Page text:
Just about any aspect of life — politics, family, work, religion — can be explained by “culture.” Culture is the outward reflection of the values a community holds. While most communities are a blend of different sub-cultures, there are values in a community that transcends the differences.
Unfortunately, one of the values that currently appears to define too much of Barrow County is a culture of drug and substance abuse. You see that every week in this newspaper’s crime reports where a very high percentage of problems are rooted in some kind of substance abuse — alcohol, prescription drug abuse and illegal drugs.
Last week, some of the results of that problem were discussed in an article by Susan Norman in interviews with local school counselors.
“We have a problem in Barrow County with our parents and substance abuse issues,” said one counselor. “Alcohol, prescription drugs, meth and pot. They are the biggies in Barrow County.”
She wasn’t referring to students, although that is a problem too. But in this context, the counselor was talking about parents of students and the impact of parental drug abuse on their children.
And she made this comment, which is one of the best statements I’ve seen of what happens in families where drug abuse dominates:
“With substance abuse, you have people that make poor choices and have poor boundaries, and that is when you have sexual abuse, physical abuse and neglect and all the other issues,” said the counselor.
Indeed, drug and substance abuse are pervasive in Barrow County. From that situation flows so many other community problems, from petty thefts to serious family violence.
But the saddest impact is what it does to children raised in homes where drug abuse is the main pursuit. As outlined in last week’s article, it often ruins a child’s chance at an education because of all the problems he or she has at home.
Every community suffers to some extent with drug abuse problems. It transcends economics, geography and race and cuts across demographic lines.
Yet the depth of Barrow’s drug and alcohol abuse problem appears to be deeper than average. Too much of the community’s culture is being shaped by substance abuse and efforts to change that have been sporadic and uncoordinated. Too many people seem to think the problem is something only law enforcement or the courts should deal with. But Barrow’s drug and substance abuse are much larger than what law enforcement and the judicial system can tackle alone. They need the community’s help.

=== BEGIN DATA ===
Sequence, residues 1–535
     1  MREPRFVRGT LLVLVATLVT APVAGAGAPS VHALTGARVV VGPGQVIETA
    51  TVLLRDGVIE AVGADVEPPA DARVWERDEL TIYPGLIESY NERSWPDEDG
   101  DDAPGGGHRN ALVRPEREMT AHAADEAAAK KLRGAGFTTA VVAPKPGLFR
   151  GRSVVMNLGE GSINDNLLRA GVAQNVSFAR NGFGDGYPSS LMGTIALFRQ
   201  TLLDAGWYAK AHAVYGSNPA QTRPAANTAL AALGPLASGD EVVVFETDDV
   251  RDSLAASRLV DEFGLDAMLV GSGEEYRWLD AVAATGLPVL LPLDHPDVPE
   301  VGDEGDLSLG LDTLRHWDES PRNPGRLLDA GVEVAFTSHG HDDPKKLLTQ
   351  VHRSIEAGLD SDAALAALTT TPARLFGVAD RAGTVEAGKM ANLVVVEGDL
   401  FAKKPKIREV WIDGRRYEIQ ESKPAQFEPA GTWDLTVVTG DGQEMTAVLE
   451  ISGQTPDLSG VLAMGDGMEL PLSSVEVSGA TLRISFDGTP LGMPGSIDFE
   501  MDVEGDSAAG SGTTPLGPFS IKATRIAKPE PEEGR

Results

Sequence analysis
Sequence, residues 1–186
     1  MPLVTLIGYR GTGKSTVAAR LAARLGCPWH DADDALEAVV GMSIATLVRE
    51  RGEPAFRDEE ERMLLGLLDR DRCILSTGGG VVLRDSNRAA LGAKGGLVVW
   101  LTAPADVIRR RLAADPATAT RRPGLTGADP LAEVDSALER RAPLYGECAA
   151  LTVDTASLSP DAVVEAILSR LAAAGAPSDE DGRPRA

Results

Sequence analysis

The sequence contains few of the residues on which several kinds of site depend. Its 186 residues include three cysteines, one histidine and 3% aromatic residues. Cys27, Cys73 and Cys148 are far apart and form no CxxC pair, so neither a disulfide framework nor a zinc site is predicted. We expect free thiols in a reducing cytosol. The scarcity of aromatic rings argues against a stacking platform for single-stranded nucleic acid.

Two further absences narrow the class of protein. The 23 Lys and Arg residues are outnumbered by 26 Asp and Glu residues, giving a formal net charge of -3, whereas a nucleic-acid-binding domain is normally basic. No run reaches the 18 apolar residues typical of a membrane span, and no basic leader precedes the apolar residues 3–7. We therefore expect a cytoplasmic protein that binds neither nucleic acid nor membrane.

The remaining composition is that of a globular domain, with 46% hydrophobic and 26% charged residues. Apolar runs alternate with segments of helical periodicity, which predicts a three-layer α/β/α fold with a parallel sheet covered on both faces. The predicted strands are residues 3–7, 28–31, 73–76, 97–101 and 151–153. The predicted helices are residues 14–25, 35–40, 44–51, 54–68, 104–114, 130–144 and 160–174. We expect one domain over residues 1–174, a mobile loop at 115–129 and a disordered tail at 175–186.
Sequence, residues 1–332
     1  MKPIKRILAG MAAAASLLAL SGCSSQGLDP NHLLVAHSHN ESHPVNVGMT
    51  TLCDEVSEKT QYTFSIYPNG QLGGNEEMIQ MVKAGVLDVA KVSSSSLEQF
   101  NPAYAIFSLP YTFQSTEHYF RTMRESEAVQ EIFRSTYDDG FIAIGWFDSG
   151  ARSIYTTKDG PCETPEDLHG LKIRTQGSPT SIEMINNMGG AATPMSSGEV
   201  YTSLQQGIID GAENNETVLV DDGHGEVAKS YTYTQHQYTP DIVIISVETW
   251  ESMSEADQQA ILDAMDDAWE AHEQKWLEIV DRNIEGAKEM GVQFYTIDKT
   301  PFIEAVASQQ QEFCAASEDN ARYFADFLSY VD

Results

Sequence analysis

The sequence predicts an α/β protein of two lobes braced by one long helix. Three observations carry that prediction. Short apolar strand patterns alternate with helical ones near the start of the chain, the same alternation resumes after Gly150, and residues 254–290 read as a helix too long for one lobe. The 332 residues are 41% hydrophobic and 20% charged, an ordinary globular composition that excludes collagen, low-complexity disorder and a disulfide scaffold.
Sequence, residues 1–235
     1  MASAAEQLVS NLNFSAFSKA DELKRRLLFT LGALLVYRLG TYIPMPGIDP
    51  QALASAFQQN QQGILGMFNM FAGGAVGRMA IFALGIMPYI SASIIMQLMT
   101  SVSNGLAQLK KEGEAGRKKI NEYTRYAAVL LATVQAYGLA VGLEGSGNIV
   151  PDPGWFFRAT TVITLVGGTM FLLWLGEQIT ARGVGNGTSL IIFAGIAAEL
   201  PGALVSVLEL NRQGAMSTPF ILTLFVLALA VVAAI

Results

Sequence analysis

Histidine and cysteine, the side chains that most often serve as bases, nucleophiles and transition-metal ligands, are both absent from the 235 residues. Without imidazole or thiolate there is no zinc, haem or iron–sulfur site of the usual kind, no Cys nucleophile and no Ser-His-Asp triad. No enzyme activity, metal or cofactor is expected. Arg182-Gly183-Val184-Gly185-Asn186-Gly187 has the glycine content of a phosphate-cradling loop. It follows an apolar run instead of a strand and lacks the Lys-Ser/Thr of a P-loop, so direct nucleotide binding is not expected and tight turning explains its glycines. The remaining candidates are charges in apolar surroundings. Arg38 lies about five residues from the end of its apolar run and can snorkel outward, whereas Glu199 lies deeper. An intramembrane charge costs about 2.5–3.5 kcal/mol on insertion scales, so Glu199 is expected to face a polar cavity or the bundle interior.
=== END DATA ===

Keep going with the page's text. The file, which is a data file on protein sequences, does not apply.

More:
There are no easy answers to changing the drug abuse problem, but some new efforts should be made. Drug abuse has gotten so large that not only does it create problems in the schools as discussed last week, but it is also eroding the community’s workforce and undermining its overall culture. Too many Barrow Countians couldn’t pass a drug test even if jobs were available.
Barrow County can no longer accept the current level of substance and drug abuse as being “just the way it is.” The community’s civic culture, including its churches, chamber and other volunteer organizations, will have to get more directly involved with the schools and judicial system in making this issue a community priority.
Drug and alcohol abuse are slowly eating away at the cultural fabric in Barrow County. If that trend isn’t dealt with soon, it will come to define this community in ways that will not be good for the future. The time to fight back is now.
The current fight in Washington D.C. over budget cuts is one of the most disingenuous displays of public policy rhetoric I’ve ever seen. President Obama, whose administration created the sequester idea, is now bashing his political opponents and blaming them for what he claims will be a massive negative impact on the nation.
At least a few people aren’t buying his political snake oil. A small two percent cut in some areas of federal spending will not shut the government down.
Of course, the president and his liberal followers will try to make the cuts hurt as much as possible. Shrinking government is not in their playbook. President Obama wants the U.S. to adopt a European-style social government and to expand the welfare state, not cut the size of government.
But the president’s message has become so shrill, that even some of his moderate supporters are starting to question him. He got his tax hike in January, yet now he says he wants another tax hike and zero spending cuts?
For their part, conservatives in Washington are in disarray and have no strong spokesman who can articulate a different view. GOP leaders in Congress are useless as opposition party spokesmen.
So the nation gyrates and gyrates from manufactured crisis to manufactured crisis. The uninformed will buy into the president’s rhetoric and scare tactics. Those who know better, however, have no voice to counter the Obama propaganda machine.
It goes back to the old saying, “Tell a lie big enough and often enough, and the masses will believe it.”
Hitler, Stalin and Mao all used that philosophy to impose their bloody regimes over millions of people. President Obama doesn’t want to kill people with bullets, but rather subdue the nation with higher taxes on those who are productive and redistribute that money to those who will keep voting liberals into office.
That is a difference in degree, perhaps, but not in the underlying goal.
Becoming a servant of government at the point of a gun, or from the power of the taxman, or from an addiction to welfare, are all forms of subjugation. The goal with each is to transform individuals into slaves for an all-powerful state.
Mike Buffington is co-publisher of the Barrow Journal. He can be reached at firstname.lastname@example.org.
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